Friday, March 1, 2013

DIY: TV Shelves

So, K and I have been searching for a new entertainment center for, like, forever to replace his old Ikea "birch effect" Lack TV Stand.  We searched and searched, but could never find one that we loved for under five hundred dollars.  We almost bought one at Ikea (a step up from the Lack...like one step up), but we decided to hold off since we weren't that excited about it.  When I saw THIS idea on pinterest, I knew that I had found "the one".  I am so happy with how it turned out!

This is like the before and after pictures in weight loss commercials where the person is all frumpy and not wearing any makeup before to make the after look even better.  Our before wasn't normally that bad, this was right before starting the project.
I have this problem that I think is the root of all of my time management issues.  I seem to think that everything is going to take significantly less time than it actually does.  And then when I am in the middle of a project I either run out of time or I am shocked at how long it is taking.  Obviously you aren't in danger of running out of time when building an entertainment center, so my reaction here was to be surprised at how long this project took.  Which was not actually that long - it was probably about three days of work, not including shopping for supplies.  As new homeowners and inexperienced DIYers, this probably took K and I a little longer than people who may have more experience building things.  But we are so happy with how it turned out, and I think we learned so much from this projects (plus, we acquired some new tools!).

My beloved sander

We pretty much made our shelves exactly like the inspiration photo, except I didn't want to do the chains as our style isn't quite that rustic.  To me it looked like the chains were more aesthetic than functional anyway.  We spent a LOOOONG time at the hardware store getting supplies.  We had measured our wall, figured out where the studs were and decided how long we wanted the shelves.  We finally decided on 12x1 pine boards for the shelves, then spent forever picking out boards that weren't warped.  We picked two 8 foot boards and then had the store cut the boards each into one 78 inch and one 18 inch board.  That way we had two long shelves and two short shelves, but we only had to buy 2 boards and none of the wood was wasted.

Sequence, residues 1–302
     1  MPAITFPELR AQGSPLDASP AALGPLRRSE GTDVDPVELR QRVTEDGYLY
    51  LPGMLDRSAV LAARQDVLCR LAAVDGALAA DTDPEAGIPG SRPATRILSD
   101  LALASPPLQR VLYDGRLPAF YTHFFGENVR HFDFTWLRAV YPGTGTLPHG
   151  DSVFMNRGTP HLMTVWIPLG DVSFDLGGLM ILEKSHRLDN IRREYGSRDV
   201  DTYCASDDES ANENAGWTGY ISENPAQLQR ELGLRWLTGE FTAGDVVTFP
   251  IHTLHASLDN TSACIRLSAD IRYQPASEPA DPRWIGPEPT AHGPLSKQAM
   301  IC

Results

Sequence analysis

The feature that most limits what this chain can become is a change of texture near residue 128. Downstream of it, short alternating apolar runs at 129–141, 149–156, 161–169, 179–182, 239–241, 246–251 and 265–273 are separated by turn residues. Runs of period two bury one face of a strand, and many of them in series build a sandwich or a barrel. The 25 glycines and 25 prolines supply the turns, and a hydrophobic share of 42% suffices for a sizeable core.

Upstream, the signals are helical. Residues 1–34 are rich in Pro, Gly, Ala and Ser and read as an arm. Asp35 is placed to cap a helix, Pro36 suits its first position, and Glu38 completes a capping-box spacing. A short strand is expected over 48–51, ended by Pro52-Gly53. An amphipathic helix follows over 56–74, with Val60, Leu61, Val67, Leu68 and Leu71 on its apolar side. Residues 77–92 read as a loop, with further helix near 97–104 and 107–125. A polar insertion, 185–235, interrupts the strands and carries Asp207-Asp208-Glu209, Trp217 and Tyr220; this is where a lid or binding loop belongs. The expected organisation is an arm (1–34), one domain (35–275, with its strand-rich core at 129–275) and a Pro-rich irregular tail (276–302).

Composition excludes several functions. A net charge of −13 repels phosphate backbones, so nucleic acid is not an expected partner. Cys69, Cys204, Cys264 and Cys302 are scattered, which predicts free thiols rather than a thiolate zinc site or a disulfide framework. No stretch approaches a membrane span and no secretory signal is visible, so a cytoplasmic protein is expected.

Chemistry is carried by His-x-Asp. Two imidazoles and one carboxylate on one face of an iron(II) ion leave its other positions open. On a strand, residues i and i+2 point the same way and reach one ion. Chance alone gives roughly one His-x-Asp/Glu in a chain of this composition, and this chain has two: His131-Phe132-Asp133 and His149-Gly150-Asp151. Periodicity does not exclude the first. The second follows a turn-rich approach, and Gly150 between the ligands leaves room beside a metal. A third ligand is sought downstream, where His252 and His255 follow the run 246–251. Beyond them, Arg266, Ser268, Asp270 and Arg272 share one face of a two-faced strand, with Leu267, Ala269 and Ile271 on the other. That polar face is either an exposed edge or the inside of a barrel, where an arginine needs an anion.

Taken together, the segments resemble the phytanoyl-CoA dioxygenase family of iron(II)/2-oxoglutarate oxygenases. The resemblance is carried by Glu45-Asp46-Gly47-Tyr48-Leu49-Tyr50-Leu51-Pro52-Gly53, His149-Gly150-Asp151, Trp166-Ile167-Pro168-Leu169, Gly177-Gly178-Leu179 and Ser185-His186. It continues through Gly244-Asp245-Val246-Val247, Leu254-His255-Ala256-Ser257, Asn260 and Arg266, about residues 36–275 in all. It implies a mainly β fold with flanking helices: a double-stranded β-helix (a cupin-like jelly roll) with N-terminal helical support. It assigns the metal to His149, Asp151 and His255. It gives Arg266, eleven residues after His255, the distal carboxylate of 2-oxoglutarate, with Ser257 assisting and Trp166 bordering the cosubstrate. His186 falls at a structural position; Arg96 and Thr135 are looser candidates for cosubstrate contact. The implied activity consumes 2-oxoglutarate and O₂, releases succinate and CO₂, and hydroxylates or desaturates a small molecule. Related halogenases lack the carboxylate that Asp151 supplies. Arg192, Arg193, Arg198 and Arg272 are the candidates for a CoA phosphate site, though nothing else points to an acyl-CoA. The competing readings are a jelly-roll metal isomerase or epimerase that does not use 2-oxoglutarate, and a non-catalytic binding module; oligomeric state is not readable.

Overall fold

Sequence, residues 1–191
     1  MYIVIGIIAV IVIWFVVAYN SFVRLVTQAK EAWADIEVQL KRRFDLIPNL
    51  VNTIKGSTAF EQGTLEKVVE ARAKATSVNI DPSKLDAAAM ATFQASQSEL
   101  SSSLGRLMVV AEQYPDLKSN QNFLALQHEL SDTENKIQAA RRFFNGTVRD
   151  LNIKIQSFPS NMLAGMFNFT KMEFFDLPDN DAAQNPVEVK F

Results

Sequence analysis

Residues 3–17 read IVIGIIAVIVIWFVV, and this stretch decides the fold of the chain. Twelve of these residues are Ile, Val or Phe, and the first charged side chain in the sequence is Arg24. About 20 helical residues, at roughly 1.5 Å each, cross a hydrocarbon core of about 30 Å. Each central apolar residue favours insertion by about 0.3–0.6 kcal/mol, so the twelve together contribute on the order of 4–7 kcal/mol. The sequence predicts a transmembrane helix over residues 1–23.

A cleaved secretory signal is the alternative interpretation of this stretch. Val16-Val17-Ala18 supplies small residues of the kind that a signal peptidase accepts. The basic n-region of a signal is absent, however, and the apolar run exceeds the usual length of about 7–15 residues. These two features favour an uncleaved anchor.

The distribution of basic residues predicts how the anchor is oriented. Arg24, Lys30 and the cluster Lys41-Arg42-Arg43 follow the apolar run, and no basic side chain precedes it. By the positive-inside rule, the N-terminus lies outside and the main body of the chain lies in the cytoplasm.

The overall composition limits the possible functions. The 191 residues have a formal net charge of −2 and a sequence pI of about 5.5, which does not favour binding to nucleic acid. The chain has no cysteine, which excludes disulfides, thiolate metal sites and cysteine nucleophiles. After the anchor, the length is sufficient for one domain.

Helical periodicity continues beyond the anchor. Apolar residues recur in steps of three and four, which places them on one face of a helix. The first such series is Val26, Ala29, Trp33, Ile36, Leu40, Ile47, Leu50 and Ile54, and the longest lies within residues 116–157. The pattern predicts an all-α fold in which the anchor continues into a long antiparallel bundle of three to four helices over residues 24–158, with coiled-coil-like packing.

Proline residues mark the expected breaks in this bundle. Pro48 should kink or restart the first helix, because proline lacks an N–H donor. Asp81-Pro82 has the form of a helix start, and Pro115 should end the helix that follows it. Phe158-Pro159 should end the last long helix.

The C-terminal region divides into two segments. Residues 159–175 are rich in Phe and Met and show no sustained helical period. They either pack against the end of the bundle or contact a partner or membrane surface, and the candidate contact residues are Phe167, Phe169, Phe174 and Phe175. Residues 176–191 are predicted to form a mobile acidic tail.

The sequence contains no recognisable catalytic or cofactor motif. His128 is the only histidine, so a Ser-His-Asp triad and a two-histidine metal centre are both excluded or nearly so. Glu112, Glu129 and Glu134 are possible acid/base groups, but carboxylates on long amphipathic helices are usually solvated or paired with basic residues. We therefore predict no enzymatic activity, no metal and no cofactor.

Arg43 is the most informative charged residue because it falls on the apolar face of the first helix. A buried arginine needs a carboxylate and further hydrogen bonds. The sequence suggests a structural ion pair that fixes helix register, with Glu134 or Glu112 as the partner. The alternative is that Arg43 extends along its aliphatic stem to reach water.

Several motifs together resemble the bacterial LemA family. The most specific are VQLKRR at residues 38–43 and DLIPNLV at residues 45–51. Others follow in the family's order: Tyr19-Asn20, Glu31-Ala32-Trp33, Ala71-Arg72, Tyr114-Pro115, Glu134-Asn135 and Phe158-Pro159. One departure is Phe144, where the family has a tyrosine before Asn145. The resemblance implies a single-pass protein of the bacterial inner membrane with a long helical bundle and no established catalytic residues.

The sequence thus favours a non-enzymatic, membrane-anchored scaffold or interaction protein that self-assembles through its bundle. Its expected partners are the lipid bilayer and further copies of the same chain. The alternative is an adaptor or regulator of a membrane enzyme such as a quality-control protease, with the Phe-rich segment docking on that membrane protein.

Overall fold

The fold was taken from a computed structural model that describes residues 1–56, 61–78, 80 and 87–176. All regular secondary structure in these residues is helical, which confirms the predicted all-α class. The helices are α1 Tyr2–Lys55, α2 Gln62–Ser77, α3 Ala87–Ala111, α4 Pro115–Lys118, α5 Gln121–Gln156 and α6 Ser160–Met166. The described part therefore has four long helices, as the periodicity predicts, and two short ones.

Some things that we bought - five inch brackets, small saw, screws, wall plates
We decided to paint the boards white to match the trim and blinds in the house, and so I went with Behr Premium Plus Ultra Interior Satin Enamel in Swiss Coffee.  I have been in love with Behr since I painted my closet with it, and I love that it has the primer in it already.  And I went with the color Swiss Coffee because when I asked the paint lady at Home Depot what the standard, builder grade color was for trim in most houses she said "I don't know, maybe Swiss Coffee?"  PS - Swiss Coffee is white, not brown like you might think something named coffee would be.  And she was right, it is a very close, if not exact, match.

I sanded the boards with my brand spanking new Ryobi Corner Cat Sander - we bought it both for this project and some other projects I had planned.  I love it!  It made the sanding go really quickly.  After sanding I applied two coats of paint with a brush.  A roller would have made quick work of it, but since I had left my roller sitting out after painting the closet, I had to throw it away.  Take care of your brushes and rollers, people!  But even with a brush, this was a pretty easy and quick painting project.  Just be sure to catch any drips before they dry and make your new shelves look like a three year old painted them.

Making sure the brackets are level